Will Terrorists Go Nuclear?
Brian Michael Jenkins
Foreword by Sen. Gary Hart, Co-Chair, Commission on National Security
Preface by Thomas C. Schelling, Nobel Laureate
Introduction by Gov. James Gilmore, Chair, Advisory Panel on Weapons of Mass Destruction
According to a British intelligence report leaked to the press in 2007, al Qaeda operatives are planning a large-scale attack “on par with Hiroshima and Nagasaki.” How likely is it that terrorists will develop the capability of such an attack? No one understands the nature of the threat posed by nuclear terrorism better than Brian Michael Jenkins—one of the world’s most renowned experts on terrorism. For more than thirty years, he has been advising the military, government, and prestigious think tanks on the dangers of escalating terrorism.
Jenkins goes beyond what the experts know about terrorists’ efforts to acquire nuclear weapons, nuclear black markets, “suitcase bombs,” and mysterious substances like red mercury to examine how terrorists themselves think about such weapons. He offers many insights into such vital questions as:
Do terrorists see nuclear weapons as instruments of coercion or of pure destruction?
Are those we label religious fanatics constrained by political and strategic calculations?
If a nuclear attack took place on American soil, what life-and-death decisions would the president be forced to make?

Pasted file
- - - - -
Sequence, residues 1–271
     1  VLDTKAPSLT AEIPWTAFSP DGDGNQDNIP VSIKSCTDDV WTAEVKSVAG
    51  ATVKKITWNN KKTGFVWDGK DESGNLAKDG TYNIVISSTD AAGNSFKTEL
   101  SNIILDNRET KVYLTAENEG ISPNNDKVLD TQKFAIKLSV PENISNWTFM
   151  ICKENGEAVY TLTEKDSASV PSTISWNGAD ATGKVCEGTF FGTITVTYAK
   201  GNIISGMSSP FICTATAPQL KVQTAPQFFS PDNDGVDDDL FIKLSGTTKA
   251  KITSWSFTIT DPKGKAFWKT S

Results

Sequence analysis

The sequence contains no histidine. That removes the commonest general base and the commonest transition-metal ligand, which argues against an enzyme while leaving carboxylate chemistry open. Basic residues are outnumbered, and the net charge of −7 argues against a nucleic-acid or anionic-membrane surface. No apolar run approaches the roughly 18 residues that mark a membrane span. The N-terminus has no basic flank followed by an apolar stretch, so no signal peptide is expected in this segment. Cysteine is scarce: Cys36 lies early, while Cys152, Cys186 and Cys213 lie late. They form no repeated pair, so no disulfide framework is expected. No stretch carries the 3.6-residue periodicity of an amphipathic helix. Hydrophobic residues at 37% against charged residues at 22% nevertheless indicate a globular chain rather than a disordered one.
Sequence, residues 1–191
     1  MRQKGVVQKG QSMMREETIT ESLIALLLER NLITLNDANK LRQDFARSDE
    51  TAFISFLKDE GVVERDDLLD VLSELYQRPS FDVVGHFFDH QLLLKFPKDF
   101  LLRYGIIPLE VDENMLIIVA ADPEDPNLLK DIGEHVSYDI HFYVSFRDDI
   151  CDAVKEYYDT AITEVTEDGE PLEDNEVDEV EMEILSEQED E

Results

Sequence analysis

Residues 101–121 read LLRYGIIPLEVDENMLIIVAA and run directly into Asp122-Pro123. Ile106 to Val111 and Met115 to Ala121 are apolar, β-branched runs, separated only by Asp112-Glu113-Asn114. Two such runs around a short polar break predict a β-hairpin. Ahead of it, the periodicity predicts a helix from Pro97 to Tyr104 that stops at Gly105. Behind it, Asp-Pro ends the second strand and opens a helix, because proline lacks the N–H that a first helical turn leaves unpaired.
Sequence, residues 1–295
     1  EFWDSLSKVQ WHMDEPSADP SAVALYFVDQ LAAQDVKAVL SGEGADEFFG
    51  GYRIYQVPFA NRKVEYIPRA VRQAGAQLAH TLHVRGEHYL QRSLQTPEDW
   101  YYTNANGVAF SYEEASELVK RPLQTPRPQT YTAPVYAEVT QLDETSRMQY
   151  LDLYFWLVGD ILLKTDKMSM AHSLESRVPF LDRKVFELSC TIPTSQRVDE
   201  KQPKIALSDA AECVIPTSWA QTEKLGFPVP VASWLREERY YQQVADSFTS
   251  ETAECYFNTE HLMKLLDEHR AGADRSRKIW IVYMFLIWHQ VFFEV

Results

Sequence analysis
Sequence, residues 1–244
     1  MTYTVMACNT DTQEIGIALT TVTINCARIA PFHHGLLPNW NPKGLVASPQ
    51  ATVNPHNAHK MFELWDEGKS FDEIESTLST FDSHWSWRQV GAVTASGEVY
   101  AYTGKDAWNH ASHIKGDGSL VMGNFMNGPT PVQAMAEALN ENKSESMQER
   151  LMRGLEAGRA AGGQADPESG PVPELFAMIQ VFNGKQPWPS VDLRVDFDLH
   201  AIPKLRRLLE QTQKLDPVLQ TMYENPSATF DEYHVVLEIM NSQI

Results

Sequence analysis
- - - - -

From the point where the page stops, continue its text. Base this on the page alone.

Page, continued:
He puts the reader in the position of the president to convey the immediacy of making decisions—and the perilous repercussions of each critical decision.
Jenkins notes that terrorists have become increasingly adept at creating an atmosphere of nuclear terror. In fact, al Qaeda may have succeeded in becoming the world’s first terrorist nuclear power without possessing a single nuclear weapon. The psychological effects of nuclear terror are fueled by American culture, which churns out novels and movies in which every conceivable horror scenario is played out. Political factions on both the right and the left also view nuclear terrorism as fodder to support their own arguments. In such an atmosphere, it is difficult for the average citizen to separate real from imagined dangers.
Jenkins’s informed and seasoned analysis will give all Americans a levelheaded understanding of the real situation and teach us how not to yield to nuclear terror.